As a result of expanding operations to Tijuana, Thermo Fisher is realizing accelerated rates of innovation with less financial risk as well as unequivocal improvements in collaboration between its teams in Carlsbad and Tijuana.
 
“...being just one hour apart makes an amazing difference in how the teams are productive together," said Mark Field, CTO of Software Services, Thermo Fisher Scientific
 
April 15, 2016

Over the past year, EDC has partnered with the Brookings Institute’s Bilateral Cities Exchange to refine the economic development approach between Tijuana and San Diego. In parallel, EDC’s recent engagement with the site selection industry through Explore San Diego – a tour hosted for 12 site selector consultants earlier this year – enabled our facilitation of a cross-border business attraction project that will provide jobs and investment on both sides of the border. Per terms of confidentiality, this project is being referred to as Project Scout.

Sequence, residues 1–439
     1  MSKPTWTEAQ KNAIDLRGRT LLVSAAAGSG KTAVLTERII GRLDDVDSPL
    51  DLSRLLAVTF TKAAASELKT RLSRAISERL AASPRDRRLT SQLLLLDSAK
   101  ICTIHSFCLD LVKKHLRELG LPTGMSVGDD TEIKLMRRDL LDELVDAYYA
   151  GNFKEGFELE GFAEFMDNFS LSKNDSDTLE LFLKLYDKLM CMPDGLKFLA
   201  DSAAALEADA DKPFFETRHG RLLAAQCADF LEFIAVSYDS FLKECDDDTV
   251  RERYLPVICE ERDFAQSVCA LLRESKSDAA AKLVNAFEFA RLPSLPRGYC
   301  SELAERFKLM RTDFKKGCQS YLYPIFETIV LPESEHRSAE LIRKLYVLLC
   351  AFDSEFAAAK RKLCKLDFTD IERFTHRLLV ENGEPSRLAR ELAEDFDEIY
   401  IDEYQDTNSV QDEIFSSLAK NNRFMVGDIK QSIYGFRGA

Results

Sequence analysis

During EDC’s inaugural Explore San Diego tour, we focused not only on success stories in San Diego, but highlighted companies who had set up operations on both sides of the border, including Thermo Fisher and BD. Although we frequently hear about cross-border collaboration in San Diego, we soon realized that it was a story that many outside the region – including these site selectors – hadn’t thought about; companies can easily do business on both sides of the border.

In early March, EDC received a request from an Explore San Diego attendee whose client was looking to scale manufacturing operations outside of its current high-cost pilot facility. Given the consultants’ recent exposure to the bi-national mega region, San Diego-Tijuana made the long list of 20 potential sites. In response, EDC provided data, real estate market figures and other strengths regarding our cross-border economy. Just two weeks later, a call came in that San Diego-Tijuana had made the top three, alongside North Carolina and Texas.